"Can I use your phone?" said my first patient who was pulled from a building after the earthquake in Haiti.
We landed in Port au Prince under the cover of night. Prior to the disaster, commercial flights arrived during the day and the passengers were welcomed by joyous music played by local Haitian artists. This time the airport was full of military cargo planes, and the tarmac was lined with the fortunate survivors who had the passport and the finances to escape the mayhem. We got out of the plane, ducked underneath the fuselage of the jet, collected our supplies, loaded a patient in acute renal failure being medivac to the US on to our plane, and hopped on to a truck that was parked next to an Argentinian cargo plane that had recently brought in aid workers and supplies.
We drove a short distance to the UN base by the airport where we saw the day team of doctors and nurses laying in sleeping bags on the street. They were so exhausted that the droves of UN trucks passing by did not disturb their sleep. We arrived to the “makeshift hospital” that used to be a storage tent for the UN. After the earthquake, it transformed into two dim warehouses full of injured bodies on cots. We received a one minute orientation, and the day team doctor in charge told me that the new arrivals would take the night shift. Unfortunately, I was the only new doctor that had arrived that day.
A nurse called me to the "ambulance bay", because another round of patients recently pulled from a building had arrived. That was when I met her. My first patient was found in a collapsed grocery store. She was trapped underneath aisles of food and store cabinetry with just enough space so that she was not crushed by the falling debris. She also had the good fortune of being buried amidst jars of peanut butter and jelly and bottles of water. I took out my satellite phone and dialed a U.S. number for her. She exploded into tears of joy as she spoke with her loved ones. As I witnessed this intimate moment, tears also began to well up in my eyes.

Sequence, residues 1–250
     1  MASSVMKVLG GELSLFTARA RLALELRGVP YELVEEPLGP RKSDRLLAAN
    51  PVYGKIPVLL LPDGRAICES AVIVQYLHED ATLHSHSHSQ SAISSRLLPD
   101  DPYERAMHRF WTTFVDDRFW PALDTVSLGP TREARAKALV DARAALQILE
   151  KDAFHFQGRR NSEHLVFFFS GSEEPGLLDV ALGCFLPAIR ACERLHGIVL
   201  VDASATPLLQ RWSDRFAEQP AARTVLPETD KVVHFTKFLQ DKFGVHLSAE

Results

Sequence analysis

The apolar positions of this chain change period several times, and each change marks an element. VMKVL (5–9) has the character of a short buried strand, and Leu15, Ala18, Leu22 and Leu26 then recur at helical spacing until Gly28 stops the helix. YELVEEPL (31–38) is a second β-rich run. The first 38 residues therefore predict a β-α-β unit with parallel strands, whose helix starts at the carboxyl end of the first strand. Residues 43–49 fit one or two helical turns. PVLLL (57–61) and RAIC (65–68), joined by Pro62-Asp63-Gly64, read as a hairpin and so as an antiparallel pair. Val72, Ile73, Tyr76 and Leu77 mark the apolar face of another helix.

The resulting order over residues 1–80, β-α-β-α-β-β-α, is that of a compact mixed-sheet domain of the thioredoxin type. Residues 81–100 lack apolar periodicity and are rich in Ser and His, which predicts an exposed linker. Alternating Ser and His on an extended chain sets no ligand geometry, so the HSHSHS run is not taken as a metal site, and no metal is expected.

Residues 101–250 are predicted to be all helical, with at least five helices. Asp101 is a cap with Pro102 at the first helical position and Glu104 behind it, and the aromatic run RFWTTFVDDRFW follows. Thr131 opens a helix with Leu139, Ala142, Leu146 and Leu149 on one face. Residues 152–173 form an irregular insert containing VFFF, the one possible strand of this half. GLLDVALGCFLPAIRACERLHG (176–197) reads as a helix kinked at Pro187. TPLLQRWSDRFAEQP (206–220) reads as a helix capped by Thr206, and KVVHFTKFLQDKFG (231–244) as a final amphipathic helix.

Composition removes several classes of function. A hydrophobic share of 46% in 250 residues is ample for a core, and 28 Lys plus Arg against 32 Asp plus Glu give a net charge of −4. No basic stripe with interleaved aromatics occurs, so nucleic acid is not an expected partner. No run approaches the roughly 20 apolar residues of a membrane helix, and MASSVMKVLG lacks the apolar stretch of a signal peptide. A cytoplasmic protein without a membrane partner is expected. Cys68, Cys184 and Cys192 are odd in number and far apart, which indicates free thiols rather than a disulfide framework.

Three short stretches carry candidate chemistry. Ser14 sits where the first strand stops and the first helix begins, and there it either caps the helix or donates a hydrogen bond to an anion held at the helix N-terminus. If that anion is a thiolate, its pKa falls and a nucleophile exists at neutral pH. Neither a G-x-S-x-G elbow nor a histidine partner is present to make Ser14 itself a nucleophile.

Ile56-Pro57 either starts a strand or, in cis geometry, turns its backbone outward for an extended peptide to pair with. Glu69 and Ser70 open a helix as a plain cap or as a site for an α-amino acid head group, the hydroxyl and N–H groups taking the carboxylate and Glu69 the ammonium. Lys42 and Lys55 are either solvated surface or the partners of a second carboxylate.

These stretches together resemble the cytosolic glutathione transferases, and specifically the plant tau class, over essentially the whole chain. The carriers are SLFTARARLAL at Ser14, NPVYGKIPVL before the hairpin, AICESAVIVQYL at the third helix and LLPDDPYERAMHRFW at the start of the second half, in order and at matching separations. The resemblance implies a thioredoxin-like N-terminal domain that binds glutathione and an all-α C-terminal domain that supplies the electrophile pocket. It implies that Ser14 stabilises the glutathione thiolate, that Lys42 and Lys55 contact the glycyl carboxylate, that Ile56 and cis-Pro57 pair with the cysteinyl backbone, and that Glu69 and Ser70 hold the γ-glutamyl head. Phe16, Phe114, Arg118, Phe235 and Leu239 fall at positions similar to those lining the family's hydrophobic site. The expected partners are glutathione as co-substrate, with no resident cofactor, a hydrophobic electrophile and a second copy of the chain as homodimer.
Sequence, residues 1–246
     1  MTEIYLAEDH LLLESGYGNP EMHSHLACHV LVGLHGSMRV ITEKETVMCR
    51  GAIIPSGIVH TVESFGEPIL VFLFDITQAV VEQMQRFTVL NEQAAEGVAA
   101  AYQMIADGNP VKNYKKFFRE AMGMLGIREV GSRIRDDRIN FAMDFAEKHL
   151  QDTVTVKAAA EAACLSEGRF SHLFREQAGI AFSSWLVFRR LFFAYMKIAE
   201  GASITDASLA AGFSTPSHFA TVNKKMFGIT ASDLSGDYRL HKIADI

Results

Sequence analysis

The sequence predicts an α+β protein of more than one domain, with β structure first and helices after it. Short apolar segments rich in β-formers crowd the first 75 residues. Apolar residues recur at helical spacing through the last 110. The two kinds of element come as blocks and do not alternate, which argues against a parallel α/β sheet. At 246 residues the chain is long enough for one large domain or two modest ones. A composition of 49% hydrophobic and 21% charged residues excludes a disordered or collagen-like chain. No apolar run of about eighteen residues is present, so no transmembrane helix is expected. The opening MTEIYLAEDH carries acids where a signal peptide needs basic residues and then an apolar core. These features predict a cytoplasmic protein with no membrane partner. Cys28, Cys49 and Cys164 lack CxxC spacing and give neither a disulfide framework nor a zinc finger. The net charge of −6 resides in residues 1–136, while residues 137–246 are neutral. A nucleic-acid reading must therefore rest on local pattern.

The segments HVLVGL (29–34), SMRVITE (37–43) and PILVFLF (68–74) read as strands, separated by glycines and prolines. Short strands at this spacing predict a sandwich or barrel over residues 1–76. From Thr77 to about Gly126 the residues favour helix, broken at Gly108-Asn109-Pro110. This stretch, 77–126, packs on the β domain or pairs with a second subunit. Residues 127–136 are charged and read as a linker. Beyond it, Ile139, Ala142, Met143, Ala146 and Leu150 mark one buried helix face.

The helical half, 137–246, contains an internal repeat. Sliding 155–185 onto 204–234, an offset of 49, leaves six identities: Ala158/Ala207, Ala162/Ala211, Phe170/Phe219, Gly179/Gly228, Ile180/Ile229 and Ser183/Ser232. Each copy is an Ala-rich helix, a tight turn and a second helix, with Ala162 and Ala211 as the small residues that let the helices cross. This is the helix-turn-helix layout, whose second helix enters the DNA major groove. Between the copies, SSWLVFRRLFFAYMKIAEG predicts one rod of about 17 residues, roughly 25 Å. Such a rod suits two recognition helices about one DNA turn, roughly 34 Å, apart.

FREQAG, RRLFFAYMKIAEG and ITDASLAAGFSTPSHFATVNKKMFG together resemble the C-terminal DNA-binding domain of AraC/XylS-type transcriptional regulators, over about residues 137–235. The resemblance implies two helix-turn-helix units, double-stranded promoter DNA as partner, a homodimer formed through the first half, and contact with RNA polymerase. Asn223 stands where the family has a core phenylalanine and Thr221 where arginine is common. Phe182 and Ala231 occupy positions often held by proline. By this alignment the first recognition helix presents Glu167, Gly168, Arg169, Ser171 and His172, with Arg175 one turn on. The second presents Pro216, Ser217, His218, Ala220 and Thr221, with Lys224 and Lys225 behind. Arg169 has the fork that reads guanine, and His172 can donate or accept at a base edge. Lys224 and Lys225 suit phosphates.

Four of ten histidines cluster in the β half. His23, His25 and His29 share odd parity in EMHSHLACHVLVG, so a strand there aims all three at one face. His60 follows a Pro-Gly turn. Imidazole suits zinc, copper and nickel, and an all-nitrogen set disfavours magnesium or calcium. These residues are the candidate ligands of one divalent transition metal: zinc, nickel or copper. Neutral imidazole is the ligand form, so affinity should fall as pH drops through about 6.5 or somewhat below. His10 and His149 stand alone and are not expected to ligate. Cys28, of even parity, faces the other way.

Lying next to her cot was the man who was also trapped in the same grocery store with her. They supported each other and prayed together during their horrible ordeal. They looked at each other and held hands in silence.
I left my phone with this man so that he too could share his news with his family. Immediately, a nurse pulled me aside to see a post op below the knee amputation patient who was becoming septic. I asked him what the patient’s vitals were. He looked at me with a puzzled look and asked me “do we have blood pressure cuffs here?” We found the single blood pressure cuff that was available for the entire hospital, and started our patient on intravenous fluids and whatever broad spectrum antibiotic that was available to us at the time.